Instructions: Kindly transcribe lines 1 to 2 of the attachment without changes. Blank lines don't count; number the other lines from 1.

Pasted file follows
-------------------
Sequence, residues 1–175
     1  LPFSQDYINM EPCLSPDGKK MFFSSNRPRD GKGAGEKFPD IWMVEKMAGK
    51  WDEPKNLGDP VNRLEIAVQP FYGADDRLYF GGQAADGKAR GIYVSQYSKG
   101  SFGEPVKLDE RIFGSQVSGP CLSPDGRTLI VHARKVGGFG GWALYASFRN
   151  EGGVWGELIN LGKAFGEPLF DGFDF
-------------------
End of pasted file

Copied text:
Sequence, residues 1–175
     1  LPFSQDYINM EPCLSPDGKK MFFSSNRPRD GKGAGEKFPD IWMVEKMAGK